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Journal of Interdisciplinary History 33.1 (2002) 96-97

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Fits, Trances, and Visions:
Experiencing Religion and Explaining Experience from Wesley to James

Fits, Trances, and Visions: Experiencing Religion and Explaining Experience from Wesley to James. By Ann Taves (Princeton, Princeton University Press, 1999) 449 pp. $65.00 cloth $22.95 paper

Fits, Trances, and Visions is an ambitious book, not only in its chronological reach but also its methodological and theoretical stretch. Traversing the decades between the mid-eighteenth-century Great Awakening and the coming of age of professional psychology, Taves approaches the historical questions of the conceptualization and fluctuating reconstruction of religious experience. She tracks not only a changing idea but also the parallel, and changing, ideological paradigms that framed those perceptions and interpretations. She develops her analysis with infinite care, moving with facility from popular experience and enthusiastic expression to cautious theologians' explications and psychologists' scientific configurations. Taves has produced a fascinating history of ideas through a tricky theoretical navigation that applies insights of recent cultural theory alongside the Enlightenment discourse articulated by her eighteenth- and nineteenth-century subjects.

Despite the complexity of her analysis, and its theoretical inclusiveness, Taves' masterful construction of the argument and her impressively lucid style weave a pattern that is both comprehensible and persuasive. Fits, Trances, and Visions moves between insiders who experienced involuntary reactions to religious stimuli and outside observers and between the sympathetic and the skeptical—between, in essence, the objects of study and the scholars themselves.

She constructs the argument in three parts defined by chronology and intellectual system. The first part explores the development of Methodism, an enthusiastic religiosity always on the edge of excess. Taves casts particular light upon the intersection of the rise of Methodism and Enlightenment thought, focusing not upon the parallel development, per se, but the manner in which rationalist philosophies impacted [End Page 96] the structures and language used by theologians and secularists alike to describe and affirm/denounce spiritual enthusiasm. In other words, Taves argues for the centrality of hegemonic intellectual frameworks that will, themselves, become determinative not only for philosophers but also for believers' own self-understanding.

As she moves to the raucous camp meetings of the early nineteenth century, she articulates a central transitional argument in which the effects of the spirit, inscribed upon the body, served to sacralize the body itself. This insight prepares for the leap to psychology, the modern scientific system that connected mind and physicality. Just as rationalist investigators began to find empirical causes for what had once been judged supernatural; religionists were locating in the language of science rationalist proofs for faith healing. Against the growing ethos of clairvoyance, somnambulism, and the Holiness movement, the embryonic field of neurology established counter-claims in terms of the body's relation to the mind.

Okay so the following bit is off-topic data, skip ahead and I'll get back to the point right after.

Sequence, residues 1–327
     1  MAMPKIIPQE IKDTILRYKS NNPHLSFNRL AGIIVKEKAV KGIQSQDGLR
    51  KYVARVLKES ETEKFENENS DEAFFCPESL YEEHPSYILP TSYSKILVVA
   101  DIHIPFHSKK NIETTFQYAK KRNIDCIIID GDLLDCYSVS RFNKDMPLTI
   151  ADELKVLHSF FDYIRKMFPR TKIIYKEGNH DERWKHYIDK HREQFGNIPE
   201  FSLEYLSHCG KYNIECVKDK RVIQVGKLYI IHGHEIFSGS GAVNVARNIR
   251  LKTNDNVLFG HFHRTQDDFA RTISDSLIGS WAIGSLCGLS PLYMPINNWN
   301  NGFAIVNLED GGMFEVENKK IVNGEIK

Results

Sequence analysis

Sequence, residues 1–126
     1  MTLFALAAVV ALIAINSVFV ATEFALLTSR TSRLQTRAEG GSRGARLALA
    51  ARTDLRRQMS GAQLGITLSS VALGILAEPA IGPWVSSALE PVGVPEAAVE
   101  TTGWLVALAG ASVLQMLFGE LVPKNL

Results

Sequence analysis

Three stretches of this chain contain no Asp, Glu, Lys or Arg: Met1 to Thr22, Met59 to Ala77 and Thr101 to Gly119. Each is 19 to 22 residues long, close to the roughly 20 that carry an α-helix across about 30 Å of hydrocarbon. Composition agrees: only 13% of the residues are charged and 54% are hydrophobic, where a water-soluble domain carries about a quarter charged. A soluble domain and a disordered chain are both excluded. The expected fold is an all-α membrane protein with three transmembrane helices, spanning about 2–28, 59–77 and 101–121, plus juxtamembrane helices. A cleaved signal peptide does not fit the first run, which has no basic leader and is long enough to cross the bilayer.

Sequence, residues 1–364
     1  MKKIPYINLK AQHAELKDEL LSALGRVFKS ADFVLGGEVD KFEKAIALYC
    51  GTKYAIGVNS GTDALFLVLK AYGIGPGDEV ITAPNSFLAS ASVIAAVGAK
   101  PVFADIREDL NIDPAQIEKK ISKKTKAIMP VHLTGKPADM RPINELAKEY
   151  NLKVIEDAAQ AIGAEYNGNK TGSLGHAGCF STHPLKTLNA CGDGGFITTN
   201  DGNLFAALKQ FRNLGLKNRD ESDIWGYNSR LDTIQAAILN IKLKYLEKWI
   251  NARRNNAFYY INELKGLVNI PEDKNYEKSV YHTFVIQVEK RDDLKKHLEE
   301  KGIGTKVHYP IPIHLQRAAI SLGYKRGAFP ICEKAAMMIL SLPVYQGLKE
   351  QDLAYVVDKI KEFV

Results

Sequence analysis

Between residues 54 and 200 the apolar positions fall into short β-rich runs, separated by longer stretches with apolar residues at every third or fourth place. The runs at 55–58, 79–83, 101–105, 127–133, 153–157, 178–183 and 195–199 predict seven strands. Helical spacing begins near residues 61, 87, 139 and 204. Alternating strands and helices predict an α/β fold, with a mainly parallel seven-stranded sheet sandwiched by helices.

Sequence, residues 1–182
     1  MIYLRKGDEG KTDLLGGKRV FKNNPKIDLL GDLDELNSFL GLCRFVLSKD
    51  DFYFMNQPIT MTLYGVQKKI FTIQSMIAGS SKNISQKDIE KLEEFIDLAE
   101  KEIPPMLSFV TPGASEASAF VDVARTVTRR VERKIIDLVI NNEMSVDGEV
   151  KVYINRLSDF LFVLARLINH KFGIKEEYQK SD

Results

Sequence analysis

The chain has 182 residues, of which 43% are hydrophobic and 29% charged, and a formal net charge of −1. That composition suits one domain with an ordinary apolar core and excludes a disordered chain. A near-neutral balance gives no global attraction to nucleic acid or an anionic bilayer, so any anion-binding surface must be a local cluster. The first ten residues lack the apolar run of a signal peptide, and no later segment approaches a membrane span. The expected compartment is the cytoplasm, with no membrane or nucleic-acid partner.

Out of these multiple explanatory possibilities, the new academic psychology discovered the subconscious, providing William James, among others, with a scientific paradigm through which to describe the connection between the mind and the physical manifestation of the sacred. By the beginning of the twentieth century, however, psychological theories of religion and the subconscious espoused by James gave way to the Freudian emphasis upon repression. Despite this early turning to Freudian structures, the theories of James, and later Carl Jung, would become the foundation of a new sub-field, psychology of religion. This professionalization of psychology coincided with increasing elite theological hostility to supernatural interpretations of involuntary religious experience, while such interpretations (and experience) flourished in, for example, Pentecostalism.

By necessity, the book is complicated, grounded in a comparative methodology in which the systems compared include psychoanalysis and mesmerism, as well as Methodism and Pentecostalism. Ideas are examined through theorists, promulgators, and popular consumers. Taves argues that experience and explanation are dialectical; her analysis focuses upon neither religious experience nor the idea of religious experience but the dialogue between the two. This theoretical emphasis upon intersection and interstitial space provides an excellent model for cultural historians tracking multiple systems in conversation with each other, particularly those who...


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